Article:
- Attending Taichung Girls High School classes and seeing the discipline and dedication of those students
- Visiting famous landmarks and attractions
- Seeing Taipei Tower, the third tallest building on earth
- Visiting the Taiwan National Art Museum
- Seeing the national aquarium
- Visiting Sun Moon Lake
- Seeing Taiwanese aboriginal villages
- Snorkeling in a tropical reef
- Visiting Lu Kang historical village
- Seeing the Chung Tai Shan Buddhist monastery
- Visiting Yamay Water Park
- Learning about the history of Taiwan
- Experiencing the warmth, generosity and kindness of the Taiwanese people
The students said what impressed them the most about Taiwan was the respect people showed to one another and the pride they had for their surroundings.
“The people were really nice and they always greeted each other,” Crisp said. “They were respectful. People here are more into themselves.”
Smith noted that the students at the sister school took so much pride and ownership in their school that it had no janitors. The students clean their own school.
“They make it their responsibility because they want their education more (than American students),” Shore said.
Cross agreed. “School ends at 2:40 here, but it doesn’t end until 5 there. Here, some are just waiting for school to be over and it’s disruptive to others.”
Crisp observed of the Taiwanese students, “They wore their school uniforms with pride. They didn’t want to do anything that would disrespect their school or the student body.
“I wish we could show that kind of pride in our country,” she added.
Shore said, “The whole experience has opened my mind to different cultures and so many things.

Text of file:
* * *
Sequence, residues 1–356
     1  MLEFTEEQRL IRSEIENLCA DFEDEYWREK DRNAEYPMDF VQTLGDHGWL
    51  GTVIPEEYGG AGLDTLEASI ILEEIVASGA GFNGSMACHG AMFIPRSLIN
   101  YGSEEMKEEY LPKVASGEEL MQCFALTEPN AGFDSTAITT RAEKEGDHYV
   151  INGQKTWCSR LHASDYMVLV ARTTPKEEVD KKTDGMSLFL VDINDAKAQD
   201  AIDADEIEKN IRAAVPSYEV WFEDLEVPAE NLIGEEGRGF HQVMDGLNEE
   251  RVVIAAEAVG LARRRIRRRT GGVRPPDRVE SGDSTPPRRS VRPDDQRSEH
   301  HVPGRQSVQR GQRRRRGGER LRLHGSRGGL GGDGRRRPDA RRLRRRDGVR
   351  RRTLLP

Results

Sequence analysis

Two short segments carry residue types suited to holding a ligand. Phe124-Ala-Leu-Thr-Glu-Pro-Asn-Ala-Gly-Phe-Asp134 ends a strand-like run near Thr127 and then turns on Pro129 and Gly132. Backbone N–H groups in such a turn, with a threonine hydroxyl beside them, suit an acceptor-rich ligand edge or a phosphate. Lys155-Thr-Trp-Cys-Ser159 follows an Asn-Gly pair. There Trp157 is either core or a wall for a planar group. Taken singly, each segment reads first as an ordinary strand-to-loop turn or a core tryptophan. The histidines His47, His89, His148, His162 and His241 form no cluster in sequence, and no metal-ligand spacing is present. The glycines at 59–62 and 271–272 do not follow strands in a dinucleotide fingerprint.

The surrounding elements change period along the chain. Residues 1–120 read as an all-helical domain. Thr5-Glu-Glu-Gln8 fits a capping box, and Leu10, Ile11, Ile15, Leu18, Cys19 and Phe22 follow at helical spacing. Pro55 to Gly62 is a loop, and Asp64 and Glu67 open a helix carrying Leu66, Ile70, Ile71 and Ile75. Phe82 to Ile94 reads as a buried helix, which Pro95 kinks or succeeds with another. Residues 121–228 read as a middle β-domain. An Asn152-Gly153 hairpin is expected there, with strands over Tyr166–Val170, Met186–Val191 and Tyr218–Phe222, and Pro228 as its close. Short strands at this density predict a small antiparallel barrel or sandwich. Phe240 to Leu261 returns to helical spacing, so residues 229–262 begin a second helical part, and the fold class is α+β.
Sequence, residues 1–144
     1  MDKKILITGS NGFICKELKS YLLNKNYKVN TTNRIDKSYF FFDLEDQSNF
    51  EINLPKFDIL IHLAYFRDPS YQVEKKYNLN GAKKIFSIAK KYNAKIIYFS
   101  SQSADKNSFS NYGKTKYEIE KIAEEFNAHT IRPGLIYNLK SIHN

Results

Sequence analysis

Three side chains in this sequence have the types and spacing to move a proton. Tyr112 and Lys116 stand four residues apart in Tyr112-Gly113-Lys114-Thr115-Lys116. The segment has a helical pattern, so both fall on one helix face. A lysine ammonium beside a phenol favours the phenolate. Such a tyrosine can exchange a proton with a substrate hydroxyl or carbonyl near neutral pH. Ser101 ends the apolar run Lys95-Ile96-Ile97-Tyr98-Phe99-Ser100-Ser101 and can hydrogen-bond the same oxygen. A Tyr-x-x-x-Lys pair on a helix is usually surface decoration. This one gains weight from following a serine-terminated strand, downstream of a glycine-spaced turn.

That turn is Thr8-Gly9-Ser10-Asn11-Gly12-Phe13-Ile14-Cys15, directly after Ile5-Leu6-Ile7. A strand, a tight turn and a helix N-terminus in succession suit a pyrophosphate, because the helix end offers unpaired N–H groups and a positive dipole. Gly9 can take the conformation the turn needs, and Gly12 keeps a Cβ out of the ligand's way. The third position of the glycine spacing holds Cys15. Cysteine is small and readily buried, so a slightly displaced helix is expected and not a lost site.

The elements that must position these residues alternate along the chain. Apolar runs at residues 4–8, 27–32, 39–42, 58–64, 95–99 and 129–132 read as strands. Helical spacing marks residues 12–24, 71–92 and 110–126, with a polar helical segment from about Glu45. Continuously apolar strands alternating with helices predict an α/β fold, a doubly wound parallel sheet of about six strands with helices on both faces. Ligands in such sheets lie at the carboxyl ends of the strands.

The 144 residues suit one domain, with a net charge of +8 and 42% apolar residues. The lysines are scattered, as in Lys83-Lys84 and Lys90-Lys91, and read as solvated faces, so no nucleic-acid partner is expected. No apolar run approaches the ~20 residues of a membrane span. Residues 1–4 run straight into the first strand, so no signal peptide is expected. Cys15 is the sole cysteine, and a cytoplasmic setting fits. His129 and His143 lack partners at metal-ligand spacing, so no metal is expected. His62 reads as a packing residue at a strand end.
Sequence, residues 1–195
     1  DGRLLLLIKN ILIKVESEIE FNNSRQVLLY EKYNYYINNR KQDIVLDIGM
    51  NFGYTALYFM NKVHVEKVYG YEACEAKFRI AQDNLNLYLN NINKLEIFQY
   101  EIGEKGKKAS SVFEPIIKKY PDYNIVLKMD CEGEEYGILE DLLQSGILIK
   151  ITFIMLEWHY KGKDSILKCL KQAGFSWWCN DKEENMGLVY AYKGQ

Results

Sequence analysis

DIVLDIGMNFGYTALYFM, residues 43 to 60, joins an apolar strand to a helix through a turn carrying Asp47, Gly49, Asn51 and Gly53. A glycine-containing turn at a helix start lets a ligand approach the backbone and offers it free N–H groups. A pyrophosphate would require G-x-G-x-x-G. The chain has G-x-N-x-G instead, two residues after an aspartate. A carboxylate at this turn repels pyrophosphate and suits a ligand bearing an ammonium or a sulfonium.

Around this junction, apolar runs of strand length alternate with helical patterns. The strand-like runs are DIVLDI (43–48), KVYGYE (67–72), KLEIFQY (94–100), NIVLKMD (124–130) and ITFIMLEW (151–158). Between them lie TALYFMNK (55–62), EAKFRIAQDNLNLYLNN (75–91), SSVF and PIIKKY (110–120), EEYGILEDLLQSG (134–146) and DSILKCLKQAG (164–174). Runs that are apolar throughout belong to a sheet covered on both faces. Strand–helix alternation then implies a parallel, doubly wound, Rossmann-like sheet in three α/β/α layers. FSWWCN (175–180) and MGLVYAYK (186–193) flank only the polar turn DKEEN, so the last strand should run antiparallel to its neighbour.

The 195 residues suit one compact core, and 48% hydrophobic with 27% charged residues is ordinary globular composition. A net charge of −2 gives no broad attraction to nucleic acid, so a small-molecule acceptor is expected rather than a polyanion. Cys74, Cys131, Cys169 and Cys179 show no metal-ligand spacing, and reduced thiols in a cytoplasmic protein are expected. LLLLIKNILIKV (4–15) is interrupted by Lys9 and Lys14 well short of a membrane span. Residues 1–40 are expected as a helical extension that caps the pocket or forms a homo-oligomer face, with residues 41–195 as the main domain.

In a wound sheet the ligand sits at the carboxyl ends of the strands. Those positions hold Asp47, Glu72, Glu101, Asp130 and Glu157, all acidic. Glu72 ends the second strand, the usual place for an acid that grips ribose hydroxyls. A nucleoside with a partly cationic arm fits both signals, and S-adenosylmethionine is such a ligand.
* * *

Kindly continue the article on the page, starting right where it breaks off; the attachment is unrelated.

“The want to learn and to prosper, it’s made me want to work harder.”
At the end of the trip, Smith collected the memory cards from the students’ cameras and downloaded all the photos they took — 4,900 of them — onto 10 flash drives that he presented to each student as a gift from him.
Smith said his favorite part of the trip was watching the students experience bridging cultural divides, and he hopes the students will share their experiences with their peers.
“I remember the first time I forcefully realized that other cultures had an immense amount to teach me about humanity. It was, and continues to be, among the most treasured lessons of my life,” he said.
“Watching our students have this realization and grow as global citizens was incredible,” he added. “I suspect that the focus and direction of several lives were substantially changed because of the experience.”
Smith currently is planning a more traditional 10-day trip to Italy and Greece for DHS students in the spring.